“As long as you’re not shooting her in the face or causing her discomfort, it acts like a distraction, like a tap on the shoulder,” I remember her saying. “Sometimes, dogs need to be brought out of that tunnel vision they get and back to reality.”
Still, I was undecided about whether to try this approach. Opinion on the Internet (where I of course turned for more guidance) seems about evenly split between those who see it as cruel and those who see it as no big deal. It’s clear that how squirt guns are used makes a lot of difference here—screaming “bad dog!” while repeatedly soaking her in the face is mean and unnecessary, but a discrete spritz on the back, along with a reinforcing “uh-uh” (or whatever term you use to mean “no”) could serve as a gentle reminder that whatever she was about to do is off limits.
I bought a small water pistol and decided to see if I could use it to produce some behavior changes at home. The first experiment came when we invited a friend over, one who Ellie routinely pummels by jumping up on her…but with a single shot to the hind end just as she was about to launch, she became as docile as a mouse. You could tell she wanted to jump, but thought twice about it. All it took was once or twice more of this ghostly spray (I tried to make sure she didn’t see where it was coming from, so that it would be all the more mysterious, as if some doggy-god were tapping her from the heavens) and we broke her of the jumping habit.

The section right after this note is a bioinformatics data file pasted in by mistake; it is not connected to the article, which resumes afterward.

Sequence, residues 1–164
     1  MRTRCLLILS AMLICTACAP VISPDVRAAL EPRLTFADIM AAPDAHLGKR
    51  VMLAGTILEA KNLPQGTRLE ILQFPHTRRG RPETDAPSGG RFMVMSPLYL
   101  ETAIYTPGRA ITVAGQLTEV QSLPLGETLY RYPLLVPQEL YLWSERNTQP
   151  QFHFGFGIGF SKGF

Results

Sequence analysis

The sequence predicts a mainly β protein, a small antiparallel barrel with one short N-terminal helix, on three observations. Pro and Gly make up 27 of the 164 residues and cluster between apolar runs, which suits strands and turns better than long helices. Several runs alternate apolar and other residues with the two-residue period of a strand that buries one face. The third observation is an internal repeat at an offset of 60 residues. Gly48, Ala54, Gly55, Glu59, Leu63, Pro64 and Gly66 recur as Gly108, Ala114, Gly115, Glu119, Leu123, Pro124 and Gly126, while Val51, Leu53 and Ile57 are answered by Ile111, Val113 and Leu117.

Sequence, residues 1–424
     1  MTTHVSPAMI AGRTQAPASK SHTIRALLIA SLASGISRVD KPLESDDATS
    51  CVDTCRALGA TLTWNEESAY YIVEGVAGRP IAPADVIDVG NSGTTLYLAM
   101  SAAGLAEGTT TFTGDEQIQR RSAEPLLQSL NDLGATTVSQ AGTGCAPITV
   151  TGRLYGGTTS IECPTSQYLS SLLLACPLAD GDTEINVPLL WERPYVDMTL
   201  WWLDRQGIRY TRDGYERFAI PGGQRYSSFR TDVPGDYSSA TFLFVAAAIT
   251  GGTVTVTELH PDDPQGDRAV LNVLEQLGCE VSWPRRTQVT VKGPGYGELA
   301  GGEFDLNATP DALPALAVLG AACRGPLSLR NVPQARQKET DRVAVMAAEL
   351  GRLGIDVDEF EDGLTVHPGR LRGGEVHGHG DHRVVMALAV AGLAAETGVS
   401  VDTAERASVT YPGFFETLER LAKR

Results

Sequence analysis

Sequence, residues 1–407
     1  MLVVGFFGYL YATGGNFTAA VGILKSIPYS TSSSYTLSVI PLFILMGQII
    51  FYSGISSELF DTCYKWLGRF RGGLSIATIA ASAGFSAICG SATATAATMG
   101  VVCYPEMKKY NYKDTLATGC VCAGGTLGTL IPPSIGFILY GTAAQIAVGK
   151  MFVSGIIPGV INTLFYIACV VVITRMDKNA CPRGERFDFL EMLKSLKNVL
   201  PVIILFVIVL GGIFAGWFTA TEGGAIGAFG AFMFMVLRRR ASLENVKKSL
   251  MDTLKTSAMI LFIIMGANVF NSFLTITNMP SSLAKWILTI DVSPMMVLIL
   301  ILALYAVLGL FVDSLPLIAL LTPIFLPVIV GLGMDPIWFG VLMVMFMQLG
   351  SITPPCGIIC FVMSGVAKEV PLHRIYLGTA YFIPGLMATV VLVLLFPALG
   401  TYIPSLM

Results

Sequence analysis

To my great delight, I found the same was true of her tendency to lunge at other dogs during our twice-daily walks. Sure, I looked a little strange holding the leash in one hand and a water pistol in the other, trigger finger at the ready, but result was amazing. One of Ellie’s biggest nemeses is a huge great Dane whose owner seems to be on the same walking schedule. She can spot him a block away and starts straining at the leash; I’ve been on opposite sides of the street from these guys and been stuck holding back my snarling dog until they’ve turned the corner.
But on the first day of water pistol training, her tune changed completely—as soon as she spotted the great Dane and got into her “I dare you to come closer” posture, I shot her on the butt, totally short-circuiting her. “What is that?” she would have said if she could, looking all around for the source. Finding none, she turned back to growl and I sprayed her again. Now completely discombobulated, she resigned to just continue with the walk.
This is a miracle, I thought. The trick even worked on a rabbit—I sprayed her just before the rabbit bolted and, amazingly, Ellie stayed put.
Maybe the best thing about the water pistol is that I barely had to use it. Being sprayed out of nowhere is apparently so distracting that it makes an impression (see the tips below to be sure you’re being as effective as possible).
The one thing I didn’t bother trying to change was Ellie’s self-imposed vigilance against squirrels entering our back yard. A dog’s got to have some mission in life, after all, not to mention a venue for her natural instincts to take over.